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Related to Bollandists: Analecta Bollandiana


(bŏl`əndĭsts), group of Jesuits in Belgium, named for their early leader, Jean Bolland, a Flemish Jesuit of the 17th cent. They were charged by the Holy See with compiling an authoritative edition of the lives of the saints, the monumental Acta sanctorum, which is still in progress.
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The following article is from The Great Soviet Encyclopedia (1979). It might be outdated or ideologically biased.



a learned society of Jesuits engaged in publishing the lives of the saints.

The Bollandist society was founded in Antwerp by J. Bol-Iand (1596-I665). ln 1643, Bolland began to publish the collection The Lives of the Saints (Acta Sanctorum) according to the plan of H. Rosweyde. This work is of great importance as a historical source. Setting as their goal the strengthening of the positions of the Catholic Church, the Bollandists played an objectively important role in the development of the study of ancient manuscripts and diplomatics (especially from the 17th century to the beginning of the 18th century; for example, D. Papenbroeck, 1628–1714).

The Bollandists published an enormous number of manuscripts, which have been preserved in the libraries of many European countries. These manuscripts contain valuable material on the history, geography, everyday life, and spiritual culture of the Middle Ages. In addition to publishing the lives of the saints, the Bollandists publish catalogs of manuscript and hagiographic literature. The center of the society (reorganized in 1837) is located in Brussels.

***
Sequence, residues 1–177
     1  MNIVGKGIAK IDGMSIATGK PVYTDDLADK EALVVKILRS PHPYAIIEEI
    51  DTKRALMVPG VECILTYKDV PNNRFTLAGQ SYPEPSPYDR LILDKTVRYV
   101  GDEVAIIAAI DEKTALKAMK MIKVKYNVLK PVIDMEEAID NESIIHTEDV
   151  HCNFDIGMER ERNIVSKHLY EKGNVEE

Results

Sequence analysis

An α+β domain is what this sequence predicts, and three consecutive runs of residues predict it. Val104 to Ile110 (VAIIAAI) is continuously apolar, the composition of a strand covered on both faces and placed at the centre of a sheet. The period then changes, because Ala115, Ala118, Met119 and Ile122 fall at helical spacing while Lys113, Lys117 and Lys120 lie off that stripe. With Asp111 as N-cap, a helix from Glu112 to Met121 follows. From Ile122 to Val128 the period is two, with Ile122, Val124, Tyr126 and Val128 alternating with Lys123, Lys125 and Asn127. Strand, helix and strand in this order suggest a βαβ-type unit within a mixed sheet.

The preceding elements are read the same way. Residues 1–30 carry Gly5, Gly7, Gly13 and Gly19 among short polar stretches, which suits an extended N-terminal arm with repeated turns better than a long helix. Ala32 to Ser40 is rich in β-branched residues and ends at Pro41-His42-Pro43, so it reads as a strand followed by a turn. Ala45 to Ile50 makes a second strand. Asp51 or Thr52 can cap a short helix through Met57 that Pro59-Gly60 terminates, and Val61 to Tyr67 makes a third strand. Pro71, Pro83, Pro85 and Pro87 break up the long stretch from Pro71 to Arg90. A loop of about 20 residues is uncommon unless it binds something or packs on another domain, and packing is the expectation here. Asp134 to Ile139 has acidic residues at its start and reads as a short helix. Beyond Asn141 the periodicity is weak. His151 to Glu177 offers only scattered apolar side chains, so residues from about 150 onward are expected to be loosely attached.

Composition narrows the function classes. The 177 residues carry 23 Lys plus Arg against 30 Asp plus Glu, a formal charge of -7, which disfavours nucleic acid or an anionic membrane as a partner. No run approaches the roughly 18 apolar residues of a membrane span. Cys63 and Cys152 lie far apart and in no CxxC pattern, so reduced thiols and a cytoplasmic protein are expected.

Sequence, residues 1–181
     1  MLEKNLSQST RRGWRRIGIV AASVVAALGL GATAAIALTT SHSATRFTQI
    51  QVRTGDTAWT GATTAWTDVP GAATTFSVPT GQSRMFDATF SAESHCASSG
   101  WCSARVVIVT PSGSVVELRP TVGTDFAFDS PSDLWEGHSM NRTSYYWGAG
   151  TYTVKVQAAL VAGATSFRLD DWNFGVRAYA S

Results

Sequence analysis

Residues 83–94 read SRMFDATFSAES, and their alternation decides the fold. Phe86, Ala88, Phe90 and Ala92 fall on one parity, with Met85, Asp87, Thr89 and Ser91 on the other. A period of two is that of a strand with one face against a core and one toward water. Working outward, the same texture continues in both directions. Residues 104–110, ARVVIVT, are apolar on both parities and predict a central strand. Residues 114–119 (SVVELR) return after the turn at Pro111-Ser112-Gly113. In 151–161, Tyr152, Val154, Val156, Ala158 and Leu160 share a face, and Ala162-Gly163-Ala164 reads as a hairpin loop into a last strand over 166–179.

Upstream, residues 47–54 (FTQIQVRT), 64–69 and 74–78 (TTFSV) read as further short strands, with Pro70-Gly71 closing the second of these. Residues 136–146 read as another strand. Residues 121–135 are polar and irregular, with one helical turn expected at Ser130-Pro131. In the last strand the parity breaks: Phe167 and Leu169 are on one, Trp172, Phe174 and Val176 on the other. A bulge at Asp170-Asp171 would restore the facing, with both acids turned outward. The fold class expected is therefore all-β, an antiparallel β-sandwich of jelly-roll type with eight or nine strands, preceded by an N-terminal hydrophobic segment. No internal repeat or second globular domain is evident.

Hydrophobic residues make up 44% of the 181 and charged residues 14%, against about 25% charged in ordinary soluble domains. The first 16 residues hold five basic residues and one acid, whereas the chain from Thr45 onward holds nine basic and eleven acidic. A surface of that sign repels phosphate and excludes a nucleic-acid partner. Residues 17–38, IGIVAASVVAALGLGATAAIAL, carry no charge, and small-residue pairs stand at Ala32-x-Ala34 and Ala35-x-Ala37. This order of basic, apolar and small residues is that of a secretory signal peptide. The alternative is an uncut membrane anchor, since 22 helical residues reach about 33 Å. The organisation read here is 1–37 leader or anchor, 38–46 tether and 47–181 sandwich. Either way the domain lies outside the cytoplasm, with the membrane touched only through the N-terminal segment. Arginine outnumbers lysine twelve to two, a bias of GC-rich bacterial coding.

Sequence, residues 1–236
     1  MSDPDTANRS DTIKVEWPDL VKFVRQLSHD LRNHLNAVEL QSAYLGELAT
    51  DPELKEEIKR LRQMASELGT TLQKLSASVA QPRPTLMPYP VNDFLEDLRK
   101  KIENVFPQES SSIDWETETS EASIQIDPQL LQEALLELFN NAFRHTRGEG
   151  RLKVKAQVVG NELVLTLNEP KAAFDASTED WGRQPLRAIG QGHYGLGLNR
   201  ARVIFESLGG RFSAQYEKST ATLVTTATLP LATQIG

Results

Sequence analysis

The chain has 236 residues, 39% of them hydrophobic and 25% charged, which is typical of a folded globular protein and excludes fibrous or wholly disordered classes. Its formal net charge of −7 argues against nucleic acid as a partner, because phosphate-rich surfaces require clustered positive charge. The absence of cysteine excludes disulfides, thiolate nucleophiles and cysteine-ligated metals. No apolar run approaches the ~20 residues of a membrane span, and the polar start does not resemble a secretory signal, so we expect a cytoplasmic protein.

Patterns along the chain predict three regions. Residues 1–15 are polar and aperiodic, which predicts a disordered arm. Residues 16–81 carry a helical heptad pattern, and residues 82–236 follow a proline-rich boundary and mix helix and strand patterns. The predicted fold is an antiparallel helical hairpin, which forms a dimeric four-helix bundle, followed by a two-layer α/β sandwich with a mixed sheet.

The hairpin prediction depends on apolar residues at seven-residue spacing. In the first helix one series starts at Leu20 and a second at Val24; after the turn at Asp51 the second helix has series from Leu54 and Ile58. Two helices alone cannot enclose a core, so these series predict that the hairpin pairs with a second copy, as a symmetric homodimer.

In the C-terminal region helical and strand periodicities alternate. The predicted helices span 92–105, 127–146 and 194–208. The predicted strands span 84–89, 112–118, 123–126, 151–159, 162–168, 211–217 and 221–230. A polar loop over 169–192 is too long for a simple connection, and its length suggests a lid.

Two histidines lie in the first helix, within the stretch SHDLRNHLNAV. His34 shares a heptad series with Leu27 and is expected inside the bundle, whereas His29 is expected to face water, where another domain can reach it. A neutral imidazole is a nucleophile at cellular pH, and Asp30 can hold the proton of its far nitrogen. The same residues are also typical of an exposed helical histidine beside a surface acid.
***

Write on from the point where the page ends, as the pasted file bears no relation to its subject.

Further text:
Delehaye, H. L’Oeuvre des bollandistes à travers trois siécles, 2nd ed. Brussels, 1959.
The Great Soviet Encyclopedia, 3rd Edition (1970-1979). © 2010 The Gale Group, Inc. All rights reserved.
References in periodicals archive ?
Unfortunately, even the Bollandists could not find any more information about him.
One final theme in the work of the Bollandists and all these modern assessments of the legends of saints' lives and deaths should be noted: the role of popular imagination.
Roman Jesuits supported the myth, while, outside Rome, Jesuit Bollandists repudiated it.
For Dominic, see Acta sanctorum quotquot toto orbe coluntur, published by the Bollandists (hereafter abbreviated AASS), August, 1, 405; for Anthony of Padua, see RaphaelM.
The chief publication of the Bollandists, as they are called, is Acta Sanctorum (the Deeds of the Saints).
In the interval he spent almost a year with the Bollandists in Belgium (May 1926 to April 1927) to extend his knowledge of hagiography.
The Bollandists' Bibliotheca Hagiographica Latina Antiquae et Mediae Aetatis, i (Brussels, 1898-1899), 225.
This weighty volume contains the first fruits of a singularly massive enterprise, undertaken initially with the Bollandists, then at Louvain-la-Neuve, then at the German Historical Institute in Paris.
At the same time, his reliance on the Protestant Reformation as a terminal point exaggerates both its influence and theological homogeneity, thereby underrating the critical work of Renaissance authors who foreshadowed the emergence of the Bollandists.
See also Socii Bollandiani, Bibliotheca Hagiographica Orientalis (hereafter BHO), Subsidia Hagiographica 10 (Bruxelles: Bollandists, 1910), 1-2; and traditions concerning the childhood of Gregory the Illuminator (for example, Agathangelos, [TEXT NOT REPRODUCIBLE IN ASCII] [Patmowt'iwn Hayots'; History of the Armenians] [subsection] 34-37 [R.